Why should Income and Quality stocks outperform?
A great research paper by Robert Arnott many years ago showed that contrary to expectations, companies which pay out a higher proportion of their earnings as dividends actually grow faster. The reason for this is basically because company management are generally very bad at allocating capital - wasting resources on empire building or bad acquisitions. Actually taking cash away from the company actually seems to improve the discipline and skill of managers at reinvesting capital. The Soc Gen paper confirms this finding and indicates that high yielding stocks outperform as a result of this better capital allocation.
Quality businesses on the other hand tend to be steady stalwarts and are often ignored by fund managers as being just, well too boring. Fund managers have to do something from day to day and need a bit of pizzazz to keep them excited about their work and possible bonuses. As a result they’ll tend to pay more money for stocks that have the capacity to double from year to year. Just like lottery ticket buyers, they pay over the odds to play, systematically underbidding quality stocks in the process.
So the idea of bringing both quality and income together into a portfolio strategy has some very sound behavioural foundations - avoiding overconfident managers and avoiding overpaying for lottery tickets.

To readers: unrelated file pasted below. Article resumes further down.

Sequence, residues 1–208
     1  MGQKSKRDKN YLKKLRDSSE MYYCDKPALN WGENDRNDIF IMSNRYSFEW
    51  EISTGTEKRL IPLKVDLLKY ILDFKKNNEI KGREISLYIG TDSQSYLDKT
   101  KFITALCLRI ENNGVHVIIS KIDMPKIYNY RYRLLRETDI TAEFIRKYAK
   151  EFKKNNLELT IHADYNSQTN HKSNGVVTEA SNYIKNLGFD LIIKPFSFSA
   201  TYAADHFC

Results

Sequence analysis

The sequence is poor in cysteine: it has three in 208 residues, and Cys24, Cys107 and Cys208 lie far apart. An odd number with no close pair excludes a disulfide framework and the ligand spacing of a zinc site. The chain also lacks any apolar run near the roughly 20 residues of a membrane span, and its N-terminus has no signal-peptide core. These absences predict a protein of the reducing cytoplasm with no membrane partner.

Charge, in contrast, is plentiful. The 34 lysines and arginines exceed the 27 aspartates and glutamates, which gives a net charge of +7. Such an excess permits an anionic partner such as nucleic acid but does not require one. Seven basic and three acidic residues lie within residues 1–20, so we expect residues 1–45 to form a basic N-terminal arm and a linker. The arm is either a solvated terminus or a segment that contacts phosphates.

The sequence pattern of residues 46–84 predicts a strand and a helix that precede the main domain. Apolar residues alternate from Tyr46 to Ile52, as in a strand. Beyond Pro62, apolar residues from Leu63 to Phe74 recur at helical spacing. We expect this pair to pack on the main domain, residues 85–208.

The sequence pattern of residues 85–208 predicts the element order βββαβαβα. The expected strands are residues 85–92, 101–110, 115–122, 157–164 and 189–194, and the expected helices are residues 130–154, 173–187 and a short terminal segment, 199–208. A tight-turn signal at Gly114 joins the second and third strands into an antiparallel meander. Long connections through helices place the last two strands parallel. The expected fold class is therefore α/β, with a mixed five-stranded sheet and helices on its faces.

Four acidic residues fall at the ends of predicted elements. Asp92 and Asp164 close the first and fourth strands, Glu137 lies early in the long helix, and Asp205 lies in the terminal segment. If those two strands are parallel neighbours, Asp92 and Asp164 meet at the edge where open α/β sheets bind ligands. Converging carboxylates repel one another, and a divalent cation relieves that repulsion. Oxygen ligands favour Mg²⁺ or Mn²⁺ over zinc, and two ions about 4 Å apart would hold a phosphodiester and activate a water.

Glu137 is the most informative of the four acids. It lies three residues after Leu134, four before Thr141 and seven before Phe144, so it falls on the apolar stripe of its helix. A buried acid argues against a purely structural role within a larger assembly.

How investors can ‘roll their own’ Quality Income index on Stockopedia
Of course I was fascinated by the details of how they had put their index together to see whether we could match it using our burgeoning toolkit at Stockopedia in a custom screen. The Soc Gen portfolio itself is drawn from a global mix of ‘eligible countries’ and subject to a few turnover minimisation techniques, quarterly rebalancing and a basket size of between 25 and 75 stocks.
Stock selection criteria consists of three essential metrics - a quality score > 7/9, a balance sheet risk score in the top 40% of the universe and an ‘adjusted dividend yield’ higher than the minimum of 4% or 125% of the mkt-cap weighted dividend yield of the market universe. Financials are excluded and market capitalisation has to be at least $3bn. As we are currently restricted to a UK dataset I’ll be dropping the market cap requirement to >£800m to find eligible companies.
What surprised me when reading their definition of ‘Quality Score’ was that they just seem to be using the Piotroski F-Score but don't appear to have credited it to the Professor himself! I looked through their 9-point scoring system and couldn’t find a difference. Bingo I thought as we publish F-Scores for every stock in our system. The definition of Balance Sheet risk is a bit tougher for us as they use a ‘Distance to Default’ methodology that we plan on modelling but haven’t as yet. As a temporary proxy for this I’m going to use our favoured balance sheet indicator the Altman Z-Score - looking for stocks that at least have an Altman Z1 of > 1.8 - i.e. that have little bankruptcy risk. Lastly I’ll require a forecast yield of greater than 4% and less than 15% to be rid of outliers.
Subscribers can click straight through to see the list of 16 SocGen-esque Quality Income candidate stocks that I’ve put together - (Past performance is no indication of future returns etc)… If you aren’t a subscriber do take a free trial to see the list . You won’t find much excitement there but the truth is that the path to the holy grail of market beating returns is much steadier footed than the knights of yore believed.Follow edcroft on Twitter